Quantitative Analysis of the Effects of Different Carbon Tax Levels on Emissions and Costs of Data Centers
Otto-von-Guericke-Universität Magdeburg, Germany
Emissions of greenhouse gases (GHG) have to be reduced to limit the impacts of climate change. For that reason, the introduction of carbon taxes has been discussed or performed in many countries. Data centers are accounting for an increasing fraction of GHG emissions, so that carbon taxation may lead to reduced emissions. In this paper, the effect of different carbon tax levels is analyzed in experiments based on real-world workload from 20 data centers hosting enterprise systems. From the results, it can be concluded that optimization potential can be addressed with server consolidation, limiting the additional costs to be expected. Additionally, the used power mix and the depreciation period have a strong influence on the additional cost as well as the optimization potential regarding emissions.
All Roads Lead to Burning Rome: Towards a Conceptual Model of IT Project Success
1Project Group Business and Information Systems Engineering of the Fraunhofer FIT, Germany; 2University of Bayreuth; 3FIM Research Center, University of Bayreuth
Despite the maturity of IT project management in research and practice, a consistent understanding of IT project success (ITPS) and its constituents is still absent. The main objective of this paper is to ascertain the important constructs of ITPS and their interdependencies to overcome the absence of a comprehensive theoretical framework. Based on an initial literature search and six expert interviews, we built and validated a conceptual model consisting of critical success factors, contingency factors, and two success dimensions, whose interdependencies are illustrated by four propositions. Moreover, we extracted 67 critical success factors in ten categories from a structured literature review to harmonize the multitude of success factors stated in literature. The proposed model serves as a starting point for future research, which should focus on the detailed quantitative-empirical investigation of the cause-effect relationships and the contingency factors to validate our propositions and provide a generally accepted theory of ITPS.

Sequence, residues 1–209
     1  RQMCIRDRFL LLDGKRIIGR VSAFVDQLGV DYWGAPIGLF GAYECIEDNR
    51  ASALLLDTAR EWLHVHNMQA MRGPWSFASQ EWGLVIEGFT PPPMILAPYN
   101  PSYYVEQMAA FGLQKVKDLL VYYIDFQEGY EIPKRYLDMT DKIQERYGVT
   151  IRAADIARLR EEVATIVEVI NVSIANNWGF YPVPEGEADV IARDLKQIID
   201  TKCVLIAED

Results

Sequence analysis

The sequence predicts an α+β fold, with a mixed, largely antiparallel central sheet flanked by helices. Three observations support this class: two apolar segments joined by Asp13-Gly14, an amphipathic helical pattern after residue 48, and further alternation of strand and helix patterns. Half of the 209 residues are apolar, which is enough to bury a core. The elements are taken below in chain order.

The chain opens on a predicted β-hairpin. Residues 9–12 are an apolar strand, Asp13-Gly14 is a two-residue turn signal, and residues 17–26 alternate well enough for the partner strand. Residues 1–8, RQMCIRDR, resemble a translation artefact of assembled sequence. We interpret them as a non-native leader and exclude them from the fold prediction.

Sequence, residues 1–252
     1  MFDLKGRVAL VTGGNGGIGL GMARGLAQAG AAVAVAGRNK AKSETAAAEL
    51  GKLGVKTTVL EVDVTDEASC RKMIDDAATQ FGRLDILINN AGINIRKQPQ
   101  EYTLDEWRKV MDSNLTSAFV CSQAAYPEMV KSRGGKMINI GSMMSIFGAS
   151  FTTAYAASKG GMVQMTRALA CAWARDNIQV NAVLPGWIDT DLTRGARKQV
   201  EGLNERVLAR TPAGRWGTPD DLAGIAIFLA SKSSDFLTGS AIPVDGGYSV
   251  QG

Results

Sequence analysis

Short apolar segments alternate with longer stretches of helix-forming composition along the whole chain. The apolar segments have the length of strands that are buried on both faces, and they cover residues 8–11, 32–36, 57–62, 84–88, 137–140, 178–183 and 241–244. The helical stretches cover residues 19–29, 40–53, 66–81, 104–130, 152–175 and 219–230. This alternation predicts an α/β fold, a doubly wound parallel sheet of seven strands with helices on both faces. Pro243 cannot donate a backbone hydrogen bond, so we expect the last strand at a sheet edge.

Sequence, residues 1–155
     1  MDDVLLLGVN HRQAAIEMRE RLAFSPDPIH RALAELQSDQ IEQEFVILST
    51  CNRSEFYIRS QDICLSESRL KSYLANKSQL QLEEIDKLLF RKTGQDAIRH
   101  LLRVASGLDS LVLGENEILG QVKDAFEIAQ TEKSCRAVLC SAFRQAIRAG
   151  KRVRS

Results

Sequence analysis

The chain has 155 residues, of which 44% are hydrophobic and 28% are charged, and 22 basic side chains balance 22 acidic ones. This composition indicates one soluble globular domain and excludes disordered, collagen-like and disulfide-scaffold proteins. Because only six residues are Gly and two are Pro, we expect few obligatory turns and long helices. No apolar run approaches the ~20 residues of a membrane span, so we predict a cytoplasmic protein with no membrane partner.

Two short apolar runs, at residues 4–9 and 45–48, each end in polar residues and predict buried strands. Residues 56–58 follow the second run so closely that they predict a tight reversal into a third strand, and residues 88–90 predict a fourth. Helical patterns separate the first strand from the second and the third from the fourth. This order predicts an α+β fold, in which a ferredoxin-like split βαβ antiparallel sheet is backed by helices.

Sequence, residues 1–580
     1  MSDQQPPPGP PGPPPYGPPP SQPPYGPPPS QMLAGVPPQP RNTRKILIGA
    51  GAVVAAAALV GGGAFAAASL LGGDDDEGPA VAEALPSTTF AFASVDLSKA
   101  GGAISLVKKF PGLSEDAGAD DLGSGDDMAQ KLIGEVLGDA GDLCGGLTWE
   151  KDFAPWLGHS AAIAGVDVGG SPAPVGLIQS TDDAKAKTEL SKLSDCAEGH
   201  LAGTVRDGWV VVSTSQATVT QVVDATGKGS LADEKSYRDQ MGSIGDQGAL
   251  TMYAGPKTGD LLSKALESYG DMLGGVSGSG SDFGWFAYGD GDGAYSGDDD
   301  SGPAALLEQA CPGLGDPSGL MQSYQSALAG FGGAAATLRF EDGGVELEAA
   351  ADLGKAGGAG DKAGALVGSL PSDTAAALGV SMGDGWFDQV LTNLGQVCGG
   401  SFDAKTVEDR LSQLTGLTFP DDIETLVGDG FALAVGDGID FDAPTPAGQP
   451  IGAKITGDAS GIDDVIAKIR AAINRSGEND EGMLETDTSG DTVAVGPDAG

Empowering Data Consumers to Work with Data: Data Documentation for the Enterprise Context
Faculty of Business and Economics (HEC), University of Lausanne, Switzerland
Enterprises that are engaging in digital transformation need to empower an increasing number of data consumers (sometimes referred to as “data citizens”) to work with data. A prerequisite is data documentation – data assets should be inventoried and well-described to facilitate data selection by non-data experts, who need to both find and understand them. This research paper proposes a reference model for data documentation in the enterprise context. It was developed in collaboration with more than 20 large enterprises, following a Design Science Research process. Compared to existing metadata standards that contain flat lists of metadata attributes, the reference model organizes metadata objects in logical and physical layers and features views dedicated to usage and governance contexts. It thereby improves maintenance and consistency in data documentation, when dealing with hundreds of interdependent data resources, and allows to express inherent relationships between metadata attributes.
Carrot or Stick: Overcoming Silos in Enterprise Architectures
Universität St.Gallen (HSG), Switzerland
Silo mentality is a phenomenon describing the aversion of sharing e.g. talent, data, and know-how beyond one’s immediate functional and hierarchical environment. Thereby, these silos are mental constructions, which are reflected in procedures and therefore information systems. In an economic environment that is information-driven, getting business units to share information across these organizational silos is highly relevant. This paper uses an enterprise architecture management (EAM) view on silos, where some actors (e.g. architects) guide other actors (e.g. project managers) towards contributing to enterprise-wide goals. To reach desired outcomes in EAM, compliance with enterprise architecture guidelines should be reached. For this setting, the present study investigates drivers for information sharing policy compliance. It combines General Deterrence Theory with Compliance Theory and employs an online experiment. The results reveal that sanctions, rewards, and their interaction significantly affect compliance, whereas the certainty of these sanctions or rewards to materialize did not.